Women Empowering Women:  8 Actions to Take Now

It is so easy for us to point fingers at men. If only there wasn’t sexism in the world. If only men would support women leaders more. And while I absolutely agree that there needs to be change in the world by everyone, I find it hard to blame men when there is so much women can do for other women that we more times than not, simply aren’t.

I often have said that until all women are intentionally supporting other women, we have no right to blame others. This is because we are often our own worst enemy. Women who do make it in business and leadership often don’t support women trying to move up the ladder. I have worked for women leaders who surround themselves with white men.

Have you ever seen a woman directly criticize or play down another woman’s light? If you are like most women I’ve asked this question to, your answer is, “yes”.

Why is it important that we intentionally support each other? Because it’s the only way we will see real change. When have women changed history? When women from different places and backgrounds banded together and gave each other unconditional support. That is how women’s suffrage was won. That is how we started to get more equality in pay.

But as we all know, we aren’t there yet.

At a recent conference, a successful woman scientist disagreed with my stance, saying that the only way to achieve change is by convincing the men in charge to push through change. If we had waited for the patriarchal system to do the right thing, we would see very few of the improvements we do have today. Systems only change when they realize opposition will not give up and will not stop fighting for a greater good.

So how do we provide intentional support?  Here are eight actions we can all start doing right now.

  1. Declare Intentional Support:  Women must intentionally support each other. Not just talk the talk, but truly walk the walk. The first way to give intentionally support is to say you will. Simple declarations made publicly often turn into action.
  2. Mentor and coach other women:  I feel like this is just a moral obligation for all of us that are in any type of leadership position. Girls and other women look up to you for guidance. So give it!
  3. Hire More Women: Often, when I say this outloud, I am greeted with a bit of shock. Wait a minute, we can’t intentionally hire more women – that would be reverse sexism, wouldn’t it. Uh, no. Don’t apologize for intentionally seeking out and hiring more women. Just do it.
  4. Level the Playing Field Yourself:  Don’t wait for permission. I have often assumed leadership of new teams and find that some people, usually women, are strikingly underpaid for their level and position. The first thing I do is ensure that all my equal levels and performers are getting paid equitably. That is just one way we can level the playing field.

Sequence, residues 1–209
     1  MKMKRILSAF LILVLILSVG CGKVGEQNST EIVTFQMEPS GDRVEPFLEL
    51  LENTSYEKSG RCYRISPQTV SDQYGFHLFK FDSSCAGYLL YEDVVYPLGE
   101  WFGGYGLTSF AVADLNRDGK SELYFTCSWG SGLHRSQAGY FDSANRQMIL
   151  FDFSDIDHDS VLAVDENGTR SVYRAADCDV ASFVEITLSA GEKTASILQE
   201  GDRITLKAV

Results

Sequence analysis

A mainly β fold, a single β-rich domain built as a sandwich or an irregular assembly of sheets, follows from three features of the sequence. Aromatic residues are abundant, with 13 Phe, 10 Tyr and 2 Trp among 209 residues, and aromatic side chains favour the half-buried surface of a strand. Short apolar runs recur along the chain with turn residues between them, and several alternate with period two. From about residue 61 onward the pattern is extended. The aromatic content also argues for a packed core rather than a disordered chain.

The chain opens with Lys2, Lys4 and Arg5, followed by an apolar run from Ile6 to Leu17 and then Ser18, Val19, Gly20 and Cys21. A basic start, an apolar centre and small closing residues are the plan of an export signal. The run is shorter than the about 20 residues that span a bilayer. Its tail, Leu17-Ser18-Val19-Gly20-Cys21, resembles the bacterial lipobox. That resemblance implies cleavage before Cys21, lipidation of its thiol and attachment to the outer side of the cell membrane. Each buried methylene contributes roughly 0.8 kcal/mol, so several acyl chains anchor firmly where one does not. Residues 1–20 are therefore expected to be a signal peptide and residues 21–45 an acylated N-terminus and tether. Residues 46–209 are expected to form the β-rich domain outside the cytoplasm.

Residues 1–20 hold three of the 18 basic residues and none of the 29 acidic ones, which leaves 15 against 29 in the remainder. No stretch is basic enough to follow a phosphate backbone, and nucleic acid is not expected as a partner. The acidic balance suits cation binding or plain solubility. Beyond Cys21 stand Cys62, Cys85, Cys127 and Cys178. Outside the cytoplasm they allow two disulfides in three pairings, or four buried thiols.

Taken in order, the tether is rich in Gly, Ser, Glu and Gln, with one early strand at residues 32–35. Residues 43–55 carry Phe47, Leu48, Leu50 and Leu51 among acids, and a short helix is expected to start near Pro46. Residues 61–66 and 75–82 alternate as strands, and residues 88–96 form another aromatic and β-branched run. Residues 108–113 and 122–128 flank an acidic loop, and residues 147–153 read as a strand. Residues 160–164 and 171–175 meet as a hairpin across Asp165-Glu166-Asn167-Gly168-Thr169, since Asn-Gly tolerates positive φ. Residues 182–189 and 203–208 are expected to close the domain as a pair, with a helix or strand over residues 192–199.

5. Encourage our daughters (and sons!) to take risks: Way too often I have heard or seen parents giving their girls loving advice to not take the hard math class or not to do something too dangerous or not to stray too far from their social network. While I believe this is always done with best intentions, we need to push our children of all genders to stretch themselves, reach for the stars, and believe they can do anything they set their heart to.
  6. Be nice to that “different” girl: We all know who this is. For many of you, like for me, it was you. The girl that was awkward, or geeky, or smart, or just, different from the popular girls. This follows us into adulthood. And while many of us grew out of our awkward stage or learned to conform so we didn’t stand out, we often still isolate or even criticize those women who take a different path. What if we accepted them 100 percent and even intentionally helped them? What amazing things could they do
  7. Call out bad behavior by men and women: So often, when sexist behavior or bullying does occur, no one says anything. We need to stand up for each other. The most frequent situation women always tell me about is in meetings, where they will be talked over or their ideas will be ignored until expressed again by a man. When you see bad behavior, call it out in a mature, calm way. But don’t just let it go.
  8. Shine your light on others: We all have an amazing ability to shine, but too often we shine our light on ourselves to get attention or validation. What if we focused on shining the spotlight on others? This involves intentionally calling out a woman or man when they achieve something good or amazing. Put yourself second. Find ways to congratulate and promote the good works of others.

I realize I’m making this sound easy, and it’s not always. In fact, I have experienced incredible resistance to these simple acts. People will fight you. People will say you are being sexist by focusing on hiring, promoting and giving raises to women. But I have never done these things for people who aren’t deserving. This isn’t about rewarding people who aren’t qualified. This is about making it right and equal for everyone. It’s also about making sure we are not actually doing more harm than good for other women.

It is also hard work. It means taking time, and sometimes, a lot of time, working with those women who haven’t had an equal chance. Mentoring, coaching, encouraging, pushing, stretching them. But it’s worth it. I can tell you every time you intentionally support another woman, you receive 100 times worth of light back. It’s just the way the universe works. You can change lives, one woman at a time.